HiveMQ is the Missing Piece between MQTT and a SQL Database
Written by The HiveMQ Team
Published: April 19, 2013
Message Queue Telemetry Transport (MQTT) is awesome when it comes to Machine-to-Machine (M2M) Communication. Due to its applied Publish-Subscribe pattern it offers great scalability even with thousands of connected devices.
The picture above shows a classic M2M landscape with a few publishers and a few subscribers.
Talking from the perspective of a provider of M2M services (which you are when you are hosting your own broker e.g. for homeautomation or your applications), you typically have additional needs to generate added value for yourself or your customer. So let’s say you want to store all MQTT publishes which are broadcasted to the broker for later analysis in a SQL database.
The concrete use case
So we want to store every message in a SQL database in our concrete use case. Let’s say we want to store them into a MySQL/MariaDB. The following simple database scheme will be used:
Implementation with a wildcard subscriber
The easiest way to achieve the storage is to add an additional client which subscribes to the Wildcard Topic (which happens to be # in MQTT). This ensures that the client receives all messages which are distributed by the broker. The client can now persist the message to the MySQL database every time a message arrives.
This would look like this:
So we essentially just implemented the messageArrived method, which is called every time a new message arrives. Then we just persist it with a plain ol’ JDBC Prepared Statement. That’s all.
Gotchas and Limitations
This approach works well in some scenarios but has some downsides. Some of the challenges we will face with that approach could be:
- What happens if the wilcard subscriber disconnects? What happens if it reconnects?
- Isn’t the wildcard subscriber some kind of bottleneck?
- Do we need different wildcard subscribers when we want to integrate e.g. a second database?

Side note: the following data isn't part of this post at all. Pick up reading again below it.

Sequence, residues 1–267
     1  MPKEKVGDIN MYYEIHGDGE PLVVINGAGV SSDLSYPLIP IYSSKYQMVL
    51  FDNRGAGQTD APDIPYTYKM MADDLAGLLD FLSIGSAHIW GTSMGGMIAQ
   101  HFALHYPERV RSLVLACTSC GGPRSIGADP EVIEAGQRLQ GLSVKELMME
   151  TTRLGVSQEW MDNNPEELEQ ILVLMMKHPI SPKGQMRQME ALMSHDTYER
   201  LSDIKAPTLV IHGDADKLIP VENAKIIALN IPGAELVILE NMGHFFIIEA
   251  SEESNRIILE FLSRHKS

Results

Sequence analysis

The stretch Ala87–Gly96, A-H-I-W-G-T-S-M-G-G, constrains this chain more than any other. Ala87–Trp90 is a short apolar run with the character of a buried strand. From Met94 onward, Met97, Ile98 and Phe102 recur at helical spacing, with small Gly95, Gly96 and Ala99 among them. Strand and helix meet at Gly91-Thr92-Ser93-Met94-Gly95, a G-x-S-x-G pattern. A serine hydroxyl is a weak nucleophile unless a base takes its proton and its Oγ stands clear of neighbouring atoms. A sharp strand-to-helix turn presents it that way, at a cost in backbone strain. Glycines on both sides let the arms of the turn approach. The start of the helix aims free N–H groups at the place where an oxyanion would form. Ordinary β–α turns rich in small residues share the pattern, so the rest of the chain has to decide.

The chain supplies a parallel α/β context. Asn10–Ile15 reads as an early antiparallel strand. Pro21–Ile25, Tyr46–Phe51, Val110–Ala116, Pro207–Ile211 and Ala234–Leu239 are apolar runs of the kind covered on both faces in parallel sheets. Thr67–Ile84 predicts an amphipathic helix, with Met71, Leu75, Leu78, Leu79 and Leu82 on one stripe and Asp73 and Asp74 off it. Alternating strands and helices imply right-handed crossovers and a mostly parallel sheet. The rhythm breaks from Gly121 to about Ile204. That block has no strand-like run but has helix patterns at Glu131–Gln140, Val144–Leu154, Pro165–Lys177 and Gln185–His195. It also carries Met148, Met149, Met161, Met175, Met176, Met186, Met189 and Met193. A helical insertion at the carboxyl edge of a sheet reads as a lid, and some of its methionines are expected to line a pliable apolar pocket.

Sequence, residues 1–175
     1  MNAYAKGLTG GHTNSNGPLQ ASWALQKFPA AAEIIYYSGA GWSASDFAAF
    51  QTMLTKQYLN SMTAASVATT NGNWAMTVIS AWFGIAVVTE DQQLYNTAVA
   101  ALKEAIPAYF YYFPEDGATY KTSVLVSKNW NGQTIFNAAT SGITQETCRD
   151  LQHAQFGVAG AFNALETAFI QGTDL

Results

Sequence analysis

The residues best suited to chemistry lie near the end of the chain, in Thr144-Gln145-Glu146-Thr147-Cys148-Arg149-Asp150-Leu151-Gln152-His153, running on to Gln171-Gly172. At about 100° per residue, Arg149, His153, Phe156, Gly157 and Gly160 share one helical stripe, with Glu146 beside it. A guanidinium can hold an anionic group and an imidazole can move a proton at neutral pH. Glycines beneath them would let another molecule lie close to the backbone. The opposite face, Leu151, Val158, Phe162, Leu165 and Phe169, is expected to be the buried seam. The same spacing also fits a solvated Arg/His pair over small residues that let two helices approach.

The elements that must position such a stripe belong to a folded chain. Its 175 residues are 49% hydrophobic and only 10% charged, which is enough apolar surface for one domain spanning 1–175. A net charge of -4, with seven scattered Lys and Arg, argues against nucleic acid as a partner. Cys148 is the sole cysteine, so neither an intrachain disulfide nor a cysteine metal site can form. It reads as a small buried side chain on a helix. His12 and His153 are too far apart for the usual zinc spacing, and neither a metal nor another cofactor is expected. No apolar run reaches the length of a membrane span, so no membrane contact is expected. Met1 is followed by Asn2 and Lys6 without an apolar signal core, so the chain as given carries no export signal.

- Is there a way to ensure that each message will be sent only once?
Let’s look into these questions in more detail.
What happens on subscriber disconnect or reconnect?
A tough problem is how to handle disconnects of the wildcard subscriber. The problem in a nutshell is, that all messages which are distributed by the broker are never going to be received by the wildcard subscriber if it is disconnected at the moment. In our case that would mean, that we cannot persist these messages to the database.
Another challenge are retained messages. Retained messages are messages which are stored at the broker and will be published by the broker when a client subscribes to the topic with the retained message. The challenge here is, that these messages should not be written to our database in our case, because we most likely already received these messages before with a “normal” publish. To avoid this shortcoming, the wildcard subscriber could be implemented with clean session = false, so the broker remembers all subscriptions for the client.
Isn’t the wildcard subscriber some kind of bottleneck?
Short answer: Yes, most likely.
Slightly longer answer: It depends. In scenarios with very low message throughput there will be no problem with a wildcard subscriber from a performance perspective. When you are dealing with thousands, tens of thousands or even hundreds of thousands publishing clients, there is a chance that the client library is not able to handle the load or will thwart the system throughput. Another key factor here is, that all messages from the broker to the wildcard subscriber have to go over the network, which can result in unnecessary traffic. It is of course possible to launch the subscribing client on the same machine as the broker. This solves the traffic problem, but the broker and the subscriber share the same system resources and the messaging overhead is on both applications, which is not optimal. This is even more serious in a clustered broker environment.
Do we need different wildcard subscribers when we want to integrate a second database?